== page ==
Level 2 Build Thread and Sim Questions

Discussion in 'High Power Rocketry (HPR)' started by Sevian, Apr 30, 2015.

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  1. Apr 30, 2015 #1

    Sevian

    Sevian

    Sevian

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    Hello there! I figured my first build thread should be for my Level 2, which I'm going to do with the Level 2 rocket from Madcow.

    All parts have been sanded and will be dry fitting shortly, just a quick question about OR sim I ran with it. I'm planning to cert with a J285, but the eventual "big" flight will be with a K2045.

    I ran the simulation at first with a 17 second delay, said the the velocity was too high at 70ft/s. Optimal was 13, so I edited it for a delay of 13 and it came out correct. Does that seem right? Here is the screen cap of the sim:

    [​IMG]


    Any comments or concerns will always be appreciated, more build pictures coming soon!
     
  2. Apr 30, 2015 #2

    DAllen

    DAllen

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    What is the thingy on the tip of the nose cone? Weight? Probably not needed since your stability is at 3.93 or so.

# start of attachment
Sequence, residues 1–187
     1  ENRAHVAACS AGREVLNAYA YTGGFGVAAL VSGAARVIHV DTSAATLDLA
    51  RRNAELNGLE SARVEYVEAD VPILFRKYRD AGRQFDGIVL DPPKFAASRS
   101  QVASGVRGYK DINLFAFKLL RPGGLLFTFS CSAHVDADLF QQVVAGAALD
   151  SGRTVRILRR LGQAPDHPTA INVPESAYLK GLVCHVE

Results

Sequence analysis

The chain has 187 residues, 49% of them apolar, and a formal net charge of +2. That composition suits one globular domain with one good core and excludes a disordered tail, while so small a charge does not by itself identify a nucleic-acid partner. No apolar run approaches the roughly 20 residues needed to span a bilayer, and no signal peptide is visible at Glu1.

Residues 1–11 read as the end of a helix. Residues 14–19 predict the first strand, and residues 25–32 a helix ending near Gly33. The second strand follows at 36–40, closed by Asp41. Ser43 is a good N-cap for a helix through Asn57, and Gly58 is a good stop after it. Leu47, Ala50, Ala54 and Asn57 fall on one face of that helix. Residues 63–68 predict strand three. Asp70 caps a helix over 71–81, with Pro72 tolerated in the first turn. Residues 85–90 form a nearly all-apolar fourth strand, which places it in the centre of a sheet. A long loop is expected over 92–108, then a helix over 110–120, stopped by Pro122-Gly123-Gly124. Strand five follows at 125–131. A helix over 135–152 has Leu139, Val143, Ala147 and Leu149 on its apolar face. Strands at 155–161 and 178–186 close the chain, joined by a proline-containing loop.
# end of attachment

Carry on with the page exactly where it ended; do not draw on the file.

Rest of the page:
On a K flight to a mile I am not sure I would rely on motor deploy at all. Maybe as a backup but if I did that I wouldn't reduce the delay. Just figure on the electronics doing the heavy lifting.
     
  3. Apr 30, 2015 #3

    Nick@JET

    Nick@JET

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    Like D said , use motor for backup.

    17 seconds to apogee sounds pretty long to me, seams like it would be on its way back down ballistic by then and risk high speed pop. Although I haven't flown a J yet, so this just an opinion. I'll try my cert on a J400 with 8-9 sec delay based on a friend past experience with similar weight rocket as mine.
     
  4. May 1, 2015 #4

    Sevian

    Sevian

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    Thanks for the input! I've never had electronics do both the drogue and main ejection before, so that'll be a new experience for me.

    I also did think that 17 seconds was very long for it to coast to apogee, although the momentum from the very fast acceleration may just carry it for that long. Thanks guys!
     
  5. May 1, 2015 #5

    Bat-mite

    Bat-mite

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    thrustcurve.org shows a 13 sec delay for that bird as well.
     
  6. May 1, 2015 #6

    Coop

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    The 54 DAT is calibrated to the half-second, so that option is open for you as well, if needed. While I understand why you're seeing what the rocket will do, here, it's probably best to wait until it's built before you really worry about delay settings... They may well change, depending upon finished weight, etc.


    Later!

    --Coop
     
  7. May 1, 2015 #7